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About Galens Medical Society

A Brief History of Galens

Galens Medical Society was founded in 1914 by a group of medical students and faculty. Originally, the Society primarily functioned as an honorary society for student advocacy and sought to bridge the gap between medical students and faculty. Early accomplishments included the establishment of an honor system, the procurement of student lockers to prevent theft, and the formation of a student lounge.

Galens members thought it important to socialize outside of the classroom, and in 1918 they held the first "All-Medic Smoker" in the Michigan Union. The performance was enjoyed by students and faculty alike and featured a series of skits followed by refreshments and talks by professors. The "Smoker" moniker recalls those early performances when Galens men enjoyed the pleasures of tobacco along with their ribald humor. Additional social events included the fall student and faculty picnic and the year-end banquet, which became annual traditions.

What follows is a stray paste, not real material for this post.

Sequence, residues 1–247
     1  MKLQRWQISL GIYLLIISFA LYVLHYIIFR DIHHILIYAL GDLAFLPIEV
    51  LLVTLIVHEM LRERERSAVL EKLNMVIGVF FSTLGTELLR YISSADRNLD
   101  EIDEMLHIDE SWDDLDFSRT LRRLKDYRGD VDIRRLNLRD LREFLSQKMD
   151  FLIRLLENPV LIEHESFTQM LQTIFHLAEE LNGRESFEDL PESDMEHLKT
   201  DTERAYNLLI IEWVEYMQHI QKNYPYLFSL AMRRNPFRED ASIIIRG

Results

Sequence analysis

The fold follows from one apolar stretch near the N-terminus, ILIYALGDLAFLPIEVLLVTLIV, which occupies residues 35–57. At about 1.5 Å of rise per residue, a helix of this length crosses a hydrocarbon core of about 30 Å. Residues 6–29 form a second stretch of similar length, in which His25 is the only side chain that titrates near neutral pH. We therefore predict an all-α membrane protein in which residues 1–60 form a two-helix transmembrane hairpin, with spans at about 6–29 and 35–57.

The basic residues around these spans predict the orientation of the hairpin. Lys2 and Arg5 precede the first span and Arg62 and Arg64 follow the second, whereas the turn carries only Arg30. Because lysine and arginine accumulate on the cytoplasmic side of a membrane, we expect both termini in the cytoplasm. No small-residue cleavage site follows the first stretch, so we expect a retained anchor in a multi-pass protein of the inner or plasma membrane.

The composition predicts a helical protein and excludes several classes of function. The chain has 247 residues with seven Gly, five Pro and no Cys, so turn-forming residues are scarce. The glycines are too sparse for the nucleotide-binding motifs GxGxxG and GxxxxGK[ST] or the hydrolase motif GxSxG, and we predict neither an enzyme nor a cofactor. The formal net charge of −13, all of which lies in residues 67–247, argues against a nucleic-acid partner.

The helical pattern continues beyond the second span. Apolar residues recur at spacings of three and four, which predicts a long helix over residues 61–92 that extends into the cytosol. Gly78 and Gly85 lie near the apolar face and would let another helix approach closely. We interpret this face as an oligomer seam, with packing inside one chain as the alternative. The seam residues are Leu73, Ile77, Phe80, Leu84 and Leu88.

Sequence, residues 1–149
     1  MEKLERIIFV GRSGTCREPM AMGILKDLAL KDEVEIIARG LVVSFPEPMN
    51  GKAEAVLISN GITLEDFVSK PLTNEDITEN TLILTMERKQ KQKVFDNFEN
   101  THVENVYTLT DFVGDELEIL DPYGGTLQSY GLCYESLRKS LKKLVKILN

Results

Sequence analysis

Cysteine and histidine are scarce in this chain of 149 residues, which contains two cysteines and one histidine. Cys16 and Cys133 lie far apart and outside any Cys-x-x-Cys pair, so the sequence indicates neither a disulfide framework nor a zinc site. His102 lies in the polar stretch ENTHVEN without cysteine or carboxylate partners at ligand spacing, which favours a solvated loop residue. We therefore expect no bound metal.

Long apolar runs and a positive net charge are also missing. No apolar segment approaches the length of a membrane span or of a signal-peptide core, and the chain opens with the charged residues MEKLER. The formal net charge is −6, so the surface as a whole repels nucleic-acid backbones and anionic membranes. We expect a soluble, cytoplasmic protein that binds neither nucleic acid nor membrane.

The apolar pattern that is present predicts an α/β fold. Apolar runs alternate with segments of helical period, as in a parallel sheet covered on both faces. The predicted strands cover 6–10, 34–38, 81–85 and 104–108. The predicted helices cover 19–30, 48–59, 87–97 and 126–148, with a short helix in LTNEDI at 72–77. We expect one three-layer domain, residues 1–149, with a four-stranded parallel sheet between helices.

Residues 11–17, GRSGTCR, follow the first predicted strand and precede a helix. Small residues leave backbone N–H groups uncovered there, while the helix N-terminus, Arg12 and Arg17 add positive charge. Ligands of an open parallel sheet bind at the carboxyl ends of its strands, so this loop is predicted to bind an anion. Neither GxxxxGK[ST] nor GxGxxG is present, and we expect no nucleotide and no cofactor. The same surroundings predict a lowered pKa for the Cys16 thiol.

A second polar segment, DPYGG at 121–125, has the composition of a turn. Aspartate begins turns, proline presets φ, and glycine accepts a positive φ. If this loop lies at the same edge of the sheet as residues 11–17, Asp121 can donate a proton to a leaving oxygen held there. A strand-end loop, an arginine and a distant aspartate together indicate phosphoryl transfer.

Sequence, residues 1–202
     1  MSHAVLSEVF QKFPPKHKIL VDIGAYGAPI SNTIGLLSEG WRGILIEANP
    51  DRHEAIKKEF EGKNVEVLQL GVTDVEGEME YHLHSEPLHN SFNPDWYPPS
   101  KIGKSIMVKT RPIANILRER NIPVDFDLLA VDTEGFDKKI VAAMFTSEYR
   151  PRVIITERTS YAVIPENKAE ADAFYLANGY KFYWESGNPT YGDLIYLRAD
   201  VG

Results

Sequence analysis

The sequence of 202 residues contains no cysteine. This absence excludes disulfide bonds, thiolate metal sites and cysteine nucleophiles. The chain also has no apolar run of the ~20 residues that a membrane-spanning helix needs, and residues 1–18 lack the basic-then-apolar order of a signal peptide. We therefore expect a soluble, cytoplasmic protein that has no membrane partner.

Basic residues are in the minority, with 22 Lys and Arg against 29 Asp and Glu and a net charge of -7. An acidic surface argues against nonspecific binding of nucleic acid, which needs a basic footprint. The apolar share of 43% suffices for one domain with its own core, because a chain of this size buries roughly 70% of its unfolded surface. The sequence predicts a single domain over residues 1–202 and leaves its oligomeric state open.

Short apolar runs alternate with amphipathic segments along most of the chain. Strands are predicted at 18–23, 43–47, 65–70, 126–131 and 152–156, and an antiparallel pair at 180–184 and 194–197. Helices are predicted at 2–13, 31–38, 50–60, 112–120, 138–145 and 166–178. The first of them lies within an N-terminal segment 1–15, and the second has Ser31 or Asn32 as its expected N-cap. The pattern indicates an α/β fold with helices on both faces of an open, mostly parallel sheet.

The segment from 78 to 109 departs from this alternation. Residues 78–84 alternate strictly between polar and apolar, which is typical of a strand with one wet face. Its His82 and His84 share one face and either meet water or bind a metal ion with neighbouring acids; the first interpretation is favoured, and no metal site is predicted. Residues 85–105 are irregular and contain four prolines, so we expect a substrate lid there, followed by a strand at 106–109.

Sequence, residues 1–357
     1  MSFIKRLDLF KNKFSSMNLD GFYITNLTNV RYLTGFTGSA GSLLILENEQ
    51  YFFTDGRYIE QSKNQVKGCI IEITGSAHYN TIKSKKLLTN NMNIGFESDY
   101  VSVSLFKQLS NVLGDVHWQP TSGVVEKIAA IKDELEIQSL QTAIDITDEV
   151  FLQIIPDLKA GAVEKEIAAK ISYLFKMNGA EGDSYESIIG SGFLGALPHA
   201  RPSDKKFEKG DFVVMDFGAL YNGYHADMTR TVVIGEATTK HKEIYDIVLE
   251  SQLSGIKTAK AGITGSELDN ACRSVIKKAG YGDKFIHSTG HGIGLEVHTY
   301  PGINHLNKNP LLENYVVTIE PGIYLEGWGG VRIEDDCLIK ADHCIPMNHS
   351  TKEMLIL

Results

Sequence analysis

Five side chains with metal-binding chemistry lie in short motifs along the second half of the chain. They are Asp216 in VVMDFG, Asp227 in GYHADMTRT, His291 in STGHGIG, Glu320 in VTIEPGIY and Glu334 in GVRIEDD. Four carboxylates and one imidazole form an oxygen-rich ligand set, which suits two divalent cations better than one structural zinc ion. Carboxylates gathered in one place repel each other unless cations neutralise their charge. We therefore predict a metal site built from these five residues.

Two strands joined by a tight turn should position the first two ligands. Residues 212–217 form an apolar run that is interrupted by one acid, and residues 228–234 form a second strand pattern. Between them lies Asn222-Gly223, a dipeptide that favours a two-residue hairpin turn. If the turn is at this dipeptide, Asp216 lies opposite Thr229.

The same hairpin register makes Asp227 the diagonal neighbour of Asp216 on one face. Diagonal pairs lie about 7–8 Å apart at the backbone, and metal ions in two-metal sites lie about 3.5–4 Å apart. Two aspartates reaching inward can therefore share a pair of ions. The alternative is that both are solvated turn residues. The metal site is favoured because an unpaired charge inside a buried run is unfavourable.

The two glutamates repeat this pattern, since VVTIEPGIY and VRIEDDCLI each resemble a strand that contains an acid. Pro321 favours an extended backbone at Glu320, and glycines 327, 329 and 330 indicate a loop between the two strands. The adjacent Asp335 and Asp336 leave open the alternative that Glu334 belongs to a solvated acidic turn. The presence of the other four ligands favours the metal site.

In 1927 the organization's focus shifted to charitable work to benefit children. That year Galens members held the first "Tag Days" fundraiser and collected monetary donations from Ann Arbor residents and University students. Funds from that event approached $1,000 and paid for a Christmas party to benefit children hospitalized at the University Hospital. The remaining money helped establish the Galens Workshop the following spring, which was a place for hospitalized children to play, build, and receive an education. The Workshop still exists today and is operated by Mott Child and Family Life.

Galens' capacity for charitable endeavors and student advocacy was bolstered with the founding of the Galens News Stand on May 8, 1939 in the lobby of the University Hospital. The funds realized from the News Stand were used for a variety of projects: securing microscopes for student laboratories; providing free stationery, envelopes, books, movies, and entertainment for University Hospital patients; paying the salary for the hospital chaplain; resurfacing the Hospital tennis courts; providing funds for recreation for children in the Neuropsychiatric Institute; and many other projects benefiting patients and students alike. Additionally, Galens members used the funds to create scholarships and a loan fund for medical students.

In 1937 Galens members began a tradition of formally recognizing those faculty members that display commitment to and excellence in medical student teaching. That year Dr. F. C. Hodges was named the first "Knight of the Silver Shovel," and today Galens members continue to recognize excellent medical school faculty and resident physicians through the Silver Shovel, Elizabeth Crosby, and Bronze Beeper awards.